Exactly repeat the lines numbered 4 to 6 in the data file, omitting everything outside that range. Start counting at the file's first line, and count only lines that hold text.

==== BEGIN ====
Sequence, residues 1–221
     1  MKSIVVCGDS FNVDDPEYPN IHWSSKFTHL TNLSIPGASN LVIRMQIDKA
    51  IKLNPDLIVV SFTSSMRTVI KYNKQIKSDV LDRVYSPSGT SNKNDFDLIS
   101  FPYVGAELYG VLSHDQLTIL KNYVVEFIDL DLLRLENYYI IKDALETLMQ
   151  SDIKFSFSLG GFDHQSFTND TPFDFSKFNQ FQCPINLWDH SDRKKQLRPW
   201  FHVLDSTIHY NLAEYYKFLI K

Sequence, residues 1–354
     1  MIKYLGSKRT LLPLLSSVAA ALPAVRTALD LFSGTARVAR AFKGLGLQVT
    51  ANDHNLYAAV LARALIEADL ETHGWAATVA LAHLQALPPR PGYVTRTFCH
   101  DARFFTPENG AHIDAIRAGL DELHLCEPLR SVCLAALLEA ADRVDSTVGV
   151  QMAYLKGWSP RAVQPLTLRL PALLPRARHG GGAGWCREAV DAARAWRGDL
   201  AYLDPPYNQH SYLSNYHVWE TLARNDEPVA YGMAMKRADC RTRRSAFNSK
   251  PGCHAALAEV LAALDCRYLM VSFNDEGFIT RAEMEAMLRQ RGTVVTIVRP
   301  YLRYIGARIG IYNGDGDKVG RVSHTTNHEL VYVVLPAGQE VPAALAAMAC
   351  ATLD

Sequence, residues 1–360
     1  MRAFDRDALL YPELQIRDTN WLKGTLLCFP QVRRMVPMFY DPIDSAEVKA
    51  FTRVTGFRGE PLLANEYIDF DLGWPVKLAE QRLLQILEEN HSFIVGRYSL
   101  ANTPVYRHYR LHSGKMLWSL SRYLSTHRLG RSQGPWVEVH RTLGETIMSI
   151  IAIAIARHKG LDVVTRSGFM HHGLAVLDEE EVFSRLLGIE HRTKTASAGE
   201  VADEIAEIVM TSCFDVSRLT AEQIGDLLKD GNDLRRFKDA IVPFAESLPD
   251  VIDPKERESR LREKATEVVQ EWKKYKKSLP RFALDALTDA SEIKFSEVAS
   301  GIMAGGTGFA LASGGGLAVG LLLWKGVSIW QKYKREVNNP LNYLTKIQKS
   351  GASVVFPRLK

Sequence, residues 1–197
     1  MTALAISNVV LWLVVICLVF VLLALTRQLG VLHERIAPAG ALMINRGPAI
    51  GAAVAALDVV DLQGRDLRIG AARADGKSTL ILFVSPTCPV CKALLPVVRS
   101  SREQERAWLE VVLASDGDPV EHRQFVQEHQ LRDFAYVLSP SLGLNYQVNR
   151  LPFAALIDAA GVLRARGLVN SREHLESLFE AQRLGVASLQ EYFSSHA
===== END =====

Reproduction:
   101  FPYVGAELYG VLSHDQLTIL KNYVVEFIDL DLLRLENYYI IKDALETLMQ
   151  SDIKFSFSLG GFDHQSFTND TPFDFSKFNQ FQCPINLWDH SDRKKQLRPW
   201  FHVLDSTIHY NLAEYYKFLI K